The main competition for Jacky during the ’72 and ’73 seasons was another Jackie……Stewart.

For 1974-75 – Jacky had a couple of challenging seasons with Team Lotus racing the innovative but often problematic Lotus 72 and 76 cars up against stiff F1 competition from drivers such as Ronnie Peterson, Mike Hailwood, Jochen Mass, Carlos Reutemann, Mario Andretti and Patrick Depailler.

Between 1976 and 1979 – Jack raced for Wolf-Williams and Mo Nunn’s Ensign Racing team up against other up-and-coming drivers like James Hunt and Chris Amon but the cars he was supplied with were simply not competitive enough at that time and his F1 career ended in 1979 with a final drive for Ligier.

Endurance & Sports Cars

Ford GT40 (not the Ickx/Oliver car)

Jacky secured the first of his six Le Mans victories with co-driver Jackie Oliver in a thoroughly out of date but ultimately more reliable  Ford GT40.

 

 

 

Ickx/Bell Gulf-Mirage GR8

In 1975 – Jacky secured his second Le Mans victory with Derek Bell in the Gulf-Mirage GR8.

 

 

 

 

Ickx Baby Porsche 935/77 2.0

Jacky confirmed during the evening that driving the Baby Porsche 935 was a very special experience, eclipsed only by driving Moby Dick – the subsequent 935 development.

 

 

 

Ickx, Barth & Heywood Porsche 936

In 1976 – Jacky secured his third Le Mans victory with Dutch driver Gijs van Lennep in a Porsche 936.

His fourth victory came a year later in 1977 again in a 936 but this time with Jurgen Barth and Hurley Heywood as co-drivers. Jacky describes this as his favourite win of all time as it incorporated a roller coaster of events which initially saw the car he shared with Henri Pescarolo retire.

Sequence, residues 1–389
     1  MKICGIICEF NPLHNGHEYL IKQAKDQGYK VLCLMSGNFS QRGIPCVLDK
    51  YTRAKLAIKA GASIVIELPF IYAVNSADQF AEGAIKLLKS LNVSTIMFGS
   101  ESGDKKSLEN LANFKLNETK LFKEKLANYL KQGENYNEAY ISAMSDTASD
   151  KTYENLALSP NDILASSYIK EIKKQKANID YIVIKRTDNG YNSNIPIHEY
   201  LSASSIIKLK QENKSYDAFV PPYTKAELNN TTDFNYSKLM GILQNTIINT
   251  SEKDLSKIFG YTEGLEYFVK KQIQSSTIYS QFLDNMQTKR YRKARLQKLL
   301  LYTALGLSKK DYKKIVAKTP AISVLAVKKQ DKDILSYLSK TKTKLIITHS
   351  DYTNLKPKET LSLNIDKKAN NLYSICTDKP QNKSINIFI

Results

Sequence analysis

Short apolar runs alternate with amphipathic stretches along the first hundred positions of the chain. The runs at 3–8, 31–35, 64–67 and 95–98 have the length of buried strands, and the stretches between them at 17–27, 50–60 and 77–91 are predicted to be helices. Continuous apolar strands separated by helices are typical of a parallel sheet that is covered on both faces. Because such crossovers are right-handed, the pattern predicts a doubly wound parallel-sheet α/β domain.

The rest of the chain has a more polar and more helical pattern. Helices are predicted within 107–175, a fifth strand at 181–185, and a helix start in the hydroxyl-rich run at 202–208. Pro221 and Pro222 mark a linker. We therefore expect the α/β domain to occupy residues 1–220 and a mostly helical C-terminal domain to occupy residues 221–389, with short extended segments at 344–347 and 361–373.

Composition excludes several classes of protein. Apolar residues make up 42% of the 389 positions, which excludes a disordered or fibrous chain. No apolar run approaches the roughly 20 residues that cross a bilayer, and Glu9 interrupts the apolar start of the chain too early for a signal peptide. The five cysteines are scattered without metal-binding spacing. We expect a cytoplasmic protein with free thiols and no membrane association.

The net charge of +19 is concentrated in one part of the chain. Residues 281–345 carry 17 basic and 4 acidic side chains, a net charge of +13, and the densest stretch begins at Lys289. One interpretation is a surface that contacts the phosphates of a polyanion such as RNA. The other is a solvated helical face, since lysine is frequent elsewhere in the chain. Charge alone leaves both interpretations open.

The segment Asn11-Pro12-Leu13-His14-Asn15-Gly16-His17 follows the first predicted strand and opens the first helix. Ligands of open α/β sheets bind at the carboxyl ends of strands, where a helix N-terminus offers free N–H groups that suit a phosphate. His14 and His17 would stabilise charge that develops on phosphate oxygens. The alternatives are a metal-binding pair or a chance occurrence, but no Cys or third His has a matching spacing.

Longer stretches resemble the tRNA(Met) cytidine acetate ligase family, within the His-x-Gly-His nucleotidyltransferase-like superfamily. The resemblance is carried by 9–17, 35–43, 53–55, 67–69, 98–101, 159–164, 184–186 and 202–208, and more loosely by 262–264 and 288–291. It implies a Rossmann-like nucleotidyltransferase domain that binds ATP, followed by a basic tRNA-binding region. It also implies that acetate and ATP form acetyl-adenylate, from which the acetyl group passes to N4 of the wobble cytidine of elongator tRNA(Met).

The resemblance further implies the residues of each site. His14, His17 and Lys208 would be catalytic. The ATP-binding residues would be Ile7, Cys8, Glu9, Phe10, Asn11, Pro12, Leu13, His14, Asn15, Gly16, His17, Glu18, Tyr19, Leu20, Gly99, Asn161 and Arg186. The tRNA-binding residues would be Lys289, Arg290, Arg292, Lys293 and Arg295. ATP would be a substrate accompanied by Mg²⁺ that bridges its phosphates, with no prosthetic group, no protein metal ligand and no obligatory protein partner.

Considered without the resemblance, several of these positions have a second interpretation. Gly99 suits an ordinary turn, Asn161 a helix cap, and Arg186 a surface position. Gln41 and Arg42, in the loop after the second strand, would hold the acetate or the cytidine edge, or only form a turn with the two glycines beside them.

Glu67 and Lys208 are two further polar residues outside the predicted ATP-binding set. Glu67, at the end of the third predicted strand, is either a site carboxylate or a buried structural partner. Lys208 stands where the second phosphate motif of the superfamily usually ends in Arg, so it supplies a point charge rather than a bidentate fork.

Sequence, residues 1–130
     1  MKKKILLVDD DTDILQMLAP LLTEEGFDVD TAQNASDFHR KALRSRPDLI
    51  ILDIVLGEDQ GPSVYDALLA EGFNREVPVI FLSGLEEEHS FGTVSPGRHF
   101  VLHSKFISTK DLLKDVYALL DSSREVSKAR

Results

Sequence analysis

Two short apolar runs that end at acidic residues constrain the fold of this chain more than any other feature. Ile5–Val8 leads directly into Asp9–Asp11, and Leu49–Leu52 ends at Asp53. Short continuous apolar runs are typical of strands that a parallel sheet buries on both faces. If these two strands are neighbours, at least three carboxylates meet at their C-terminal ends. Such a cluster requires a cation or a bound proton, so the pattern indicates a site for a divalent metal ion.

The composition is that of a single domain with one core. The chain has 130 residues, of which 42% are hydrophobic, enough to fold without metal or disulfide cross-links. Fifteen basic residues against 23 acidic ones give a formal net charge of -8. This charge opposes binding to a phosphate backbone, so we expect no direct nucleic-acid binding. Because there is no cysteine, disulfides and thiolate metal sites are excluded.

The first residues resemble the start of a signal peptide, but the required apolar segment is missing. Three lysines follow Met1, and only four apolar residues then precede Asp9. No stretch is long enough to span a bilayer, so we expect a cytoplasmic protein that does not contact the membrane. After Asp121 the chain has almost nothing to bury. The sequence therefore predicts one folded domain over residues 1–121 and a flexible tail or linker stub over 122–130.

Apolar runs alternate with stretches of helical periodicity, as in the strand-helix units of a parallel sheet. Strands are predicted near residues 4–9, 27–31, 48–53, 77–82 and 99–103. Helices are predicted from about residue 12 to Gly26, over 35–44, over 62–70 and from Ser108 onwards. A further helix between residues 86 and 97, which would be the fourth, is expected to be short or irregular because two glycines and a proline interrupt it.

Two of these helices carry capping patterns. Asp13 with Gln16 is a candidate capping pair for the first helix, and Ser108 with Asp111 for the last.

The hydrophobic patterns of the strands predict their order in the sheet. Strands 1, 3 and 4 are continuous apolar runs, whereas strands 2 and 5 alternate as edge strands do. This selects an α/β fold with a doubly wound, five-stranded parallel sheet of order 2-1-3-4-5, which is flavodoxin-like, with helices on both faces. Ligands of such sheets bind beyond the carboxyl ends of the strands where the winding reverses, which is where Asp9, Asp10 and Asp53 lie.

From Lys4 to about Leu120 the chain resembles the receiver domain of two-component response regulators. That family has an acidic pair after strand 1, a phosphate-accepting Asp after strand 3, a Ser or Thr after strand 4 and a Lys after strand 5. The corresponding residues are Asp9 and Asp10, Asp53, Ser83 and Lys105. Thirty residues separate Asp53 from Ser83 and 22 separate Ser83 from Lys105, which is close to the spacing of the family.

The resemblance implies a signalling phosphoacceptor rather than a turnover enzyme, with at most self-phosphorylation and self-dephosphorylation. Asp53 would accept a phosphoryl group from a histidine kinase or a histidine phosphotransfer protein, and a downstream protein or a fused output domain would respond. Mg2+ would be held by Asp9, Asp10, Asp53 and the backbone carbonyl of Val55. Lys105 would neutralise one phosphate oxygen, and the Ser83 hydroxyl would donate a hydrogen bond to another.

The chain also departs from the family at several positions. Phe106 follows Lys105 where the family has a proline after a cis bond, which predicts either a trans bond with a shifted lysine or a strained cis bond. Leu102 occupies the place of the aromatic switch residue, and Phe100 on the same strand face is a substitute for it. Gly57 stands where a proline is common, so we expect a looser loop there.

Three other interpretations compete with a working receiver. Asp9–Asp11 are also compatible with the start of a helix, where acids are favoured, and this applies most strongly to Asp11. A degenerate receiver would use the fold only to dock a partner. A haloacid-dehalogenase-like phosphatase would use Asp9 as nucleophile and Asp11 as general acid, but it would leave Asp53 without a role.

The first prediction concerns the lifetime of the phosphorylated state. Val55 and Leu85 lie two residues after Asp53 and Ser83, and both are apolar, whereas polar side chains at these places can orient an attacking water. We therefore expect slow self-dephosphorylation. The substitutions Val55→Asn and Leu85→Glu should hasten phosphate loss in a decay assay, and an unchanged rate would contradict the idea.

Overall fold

Ickx, Barth, Heywood Porsche 936

 

Porsche then took the tactical decision to transfer Jacki to join Barth and Heywood in the other 936  which was then in a very lowly  42nd position. Jacky helped to drag the car back up the field only to hit another mechanical problem in the early morning. This was overcome by “switching off” one cylinder enabling the car to continue racing and to achieve ultimate victory.

Jacky achieved one further Le Mans victory in a Porsche 936 with Derek Bell in 1981 before Porsche entered their glorious Group C period of endurance dominance.

 

Bell & Ickx Porsche 956

 

The Porsche 956 was a winning car straight out of the box and it tool Jacky and Derek Bell to Le Mans victory in 1982.

I was privileged to see the same driver pairing in a 956 at Le Mans in 1983 and I also saw Jacky and Jochen Mass win the Silverstone 1000kms in 1984.

 

 

Rally Cars

Ickx/Brasseur Dakar Porsche 959

Possibly going full circle to his early trials motor cycling experiences – Jacky competed in various rallies but most famously the gruelling Dakar Rally between 1981 and 2000.

 

 

 

 

Ickx & Brasseur Dakar Porsche 959

Driving a diverse range of cars – Citroen, Mercedes-Benz, Porsche, Lada, Peugot, Toyota and Mitsubishi – Jacky achieved highly creditable results including outright victory in 1983 driving a Mercedes 280G with co-driver Claude Brasseur.

Driving for Porsche – Jacky came 6th, DNF and 2nd in the 1984, 1985 and 1986 Dakar rallies respectively.

 

Others

Given his busy driving career it’s hard to believe but Jacky also managed to fit-in winning drives the Hardie-Ferodo 1000 race and Bathurst 1000 in Australia. He was successful in the revived Can-Am series and even attempted the Daytona 500.

The Evening With Jacky Ickx

It was an honour to meet the man who I watched race so many times during the ’80s.

During his interview with Henry Hope-Frost he was extremely modest – always emphasising the team effort involved in any race success from car designers , engineers, race technicians etc. with the drivers contributing the final 20%. He also cited his Mother’s oft-repeated advice – “take care and don’t drive too fast”!

His answers to particular questions were sometimes tantalisingly vague but at times philosophical in order to avoid bravado or to give any negative opinion of particular cars or drivers.

In signing-off from his interview – Jacky attributed his longevity, success and survival through one of the most brutal and unforgiving era’s of motorsport as being purely down to luck!